Radiative budget of the atmosphere
The Intergovernmental Panel on Climate Change (IPCC) has clearly pointed out that significant uncertainties for a comprehensive understanding of the planetary radiative budget, and of the possible influence of changes of the atmospheric composition induced by human activities still exist. Although the role of greenhouse gases and their influence appears well established, the role played by other parameters is still not adequately known. Some processes are only marginally known, and fundamental uncertainties still exist.
The figure below is extracted from the IPCC report prepared in 2001. The vertical bars indicate the estimates of the annual average radiative forcing produced by changes in atmospheric composition (or other phenomena) occurred during the last 250 years. Uncertainties on the estimates are indicated as error bars; the level of scientific understanding is also reported below each considered phenomenon.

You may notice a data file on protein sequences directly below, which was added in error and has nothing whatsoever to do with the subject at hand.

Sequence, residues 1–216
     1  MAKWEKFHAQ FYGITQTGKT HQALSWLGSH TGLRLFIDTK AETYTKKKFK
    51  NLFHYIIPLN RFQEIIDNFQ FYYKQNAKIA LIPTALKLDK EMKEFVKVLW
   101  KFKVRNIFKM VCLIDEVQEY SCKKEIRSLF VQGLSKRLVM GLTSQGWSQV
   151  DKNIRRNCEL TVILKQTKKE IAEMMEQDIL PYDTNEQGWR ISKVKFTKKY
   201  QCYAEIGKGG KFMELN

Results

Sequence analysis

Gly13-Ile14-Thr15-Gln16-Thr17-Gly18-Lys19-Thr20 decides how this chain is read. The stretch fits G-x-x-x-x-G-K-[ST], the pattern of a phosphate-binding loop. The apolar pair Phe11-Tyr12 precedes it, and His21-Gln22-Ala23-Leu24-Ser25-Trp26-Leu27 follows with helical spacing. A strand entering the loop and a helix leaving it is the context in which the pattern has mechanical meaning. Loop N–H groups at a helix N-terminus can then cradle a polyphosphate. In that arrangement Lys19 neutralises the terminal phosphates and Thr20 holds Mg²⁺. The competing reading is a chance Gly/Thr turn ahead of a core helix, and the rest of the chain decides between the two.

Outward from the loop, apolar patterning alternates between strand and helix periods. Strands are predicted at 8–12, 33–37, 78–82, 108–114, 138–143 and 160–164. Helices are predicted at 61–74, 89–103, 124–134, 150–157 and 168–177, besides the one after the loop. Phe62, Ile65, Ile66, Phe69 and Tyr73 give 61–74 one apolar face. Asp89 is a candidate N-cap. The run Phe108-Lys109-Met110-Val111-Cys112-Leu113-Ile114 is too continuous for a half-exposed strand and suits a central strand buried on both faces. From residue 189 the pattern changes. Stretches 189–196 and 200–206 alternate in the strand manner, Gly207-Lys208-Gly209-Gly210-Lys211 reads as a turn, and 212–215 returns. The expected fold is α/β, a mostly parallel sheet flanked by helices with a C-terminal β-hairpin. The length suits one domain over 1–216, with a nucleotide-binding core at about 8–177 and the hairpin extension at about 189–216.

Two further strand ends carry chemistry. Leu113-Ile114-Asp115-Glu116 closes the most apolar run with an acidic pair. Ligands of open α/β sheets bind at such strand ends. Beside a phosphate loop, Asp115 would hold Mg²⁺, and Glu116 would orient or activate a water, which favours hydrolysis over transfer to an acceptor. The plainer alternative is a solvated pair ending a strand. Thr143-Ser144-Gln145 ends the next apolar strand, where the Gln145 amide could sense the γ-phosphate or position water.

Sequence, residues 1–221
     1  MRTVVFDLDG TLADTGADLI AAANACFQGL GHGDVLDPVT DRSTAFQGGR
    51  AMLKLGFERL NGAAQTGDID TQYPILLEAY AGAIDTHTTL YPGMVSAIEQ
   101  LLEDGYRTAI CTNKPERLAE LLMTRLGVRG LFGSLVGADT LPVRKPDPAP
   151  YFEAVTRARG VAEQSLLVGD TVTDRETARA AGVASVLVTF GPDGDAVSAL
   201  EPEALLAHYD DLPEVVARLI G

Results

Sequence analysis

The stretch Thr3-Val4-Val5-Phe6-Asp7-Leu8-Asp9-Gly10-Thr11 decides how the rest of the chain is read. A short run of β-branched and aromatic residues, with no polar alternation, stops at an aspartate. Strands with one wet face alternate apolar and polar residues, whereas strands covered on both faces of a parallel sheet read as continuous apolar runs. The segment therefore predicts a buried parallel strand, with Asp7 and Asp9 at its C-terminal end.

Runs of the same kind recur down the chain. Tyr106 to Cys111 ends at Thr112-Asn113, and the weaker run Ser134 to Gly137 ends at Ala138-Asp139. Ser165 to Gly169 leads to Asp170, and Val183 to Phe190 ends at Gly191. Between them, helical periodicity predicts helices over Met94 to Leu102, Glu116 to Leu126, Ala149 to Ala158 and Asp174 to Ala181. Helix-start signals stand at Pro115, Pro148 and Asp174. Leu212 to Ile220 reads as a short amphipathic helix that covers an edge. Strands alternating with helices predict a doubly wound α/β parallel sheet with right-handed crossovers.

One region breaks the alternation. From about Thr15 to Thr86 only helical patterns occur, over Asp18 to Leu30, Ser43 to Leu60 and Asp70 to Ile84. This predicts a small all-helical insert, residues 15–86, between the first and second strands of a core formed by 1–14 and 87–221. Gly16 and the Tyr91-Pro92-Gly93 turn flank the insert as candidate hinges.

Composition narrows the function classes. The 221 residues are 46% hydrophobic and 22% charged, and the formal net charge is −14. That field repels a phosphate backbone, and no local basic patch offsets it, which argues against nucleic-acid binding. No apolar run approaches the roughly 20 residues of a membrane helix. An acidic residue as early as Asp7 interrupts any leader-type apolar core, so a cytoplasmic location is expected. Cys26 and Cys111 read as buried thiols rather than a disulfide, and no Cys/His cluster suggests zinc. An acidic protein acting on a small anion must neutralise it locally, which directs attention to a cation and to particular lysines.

It is interesting to emphasize that all the relevant parameters reported in the graph, except land use and solar changes, are measured and studied from Lampedusa (not all continuously). The level of scientific understanding is very low for all processes that involve aerosols, except sulphates, for aviation induced changes on high level clouds, for land use and solar changes. Largest uncertainties exist, however, on the radiative effects (direct and indirect) produced by aerosols. A large uncertainty is associated with the mineral dust, for which no estimate of the forcing is available.
Lampedusa is an excellent site to conduct experiments aimed at reducing uncertainties and allowing a better understanding of the radiative processes. For this reason, combined observations of many atmospheric parameters (total ozone, aerosol properties, greenhouse gases, water vapour, shortwave and longwave radiation fluxes, broadband and narrowband, cloud cover, and meteorological quantities) are performed with a variety of instruments.
On the basis of these observations several studies on the optical properties, distribution, and radiative effects of the aerosol, on the influence of the global carbon cycle on the CO2 distribution in the Mediterranean, and on the behaviour of the ultraviolet radiation have been carried out up to now.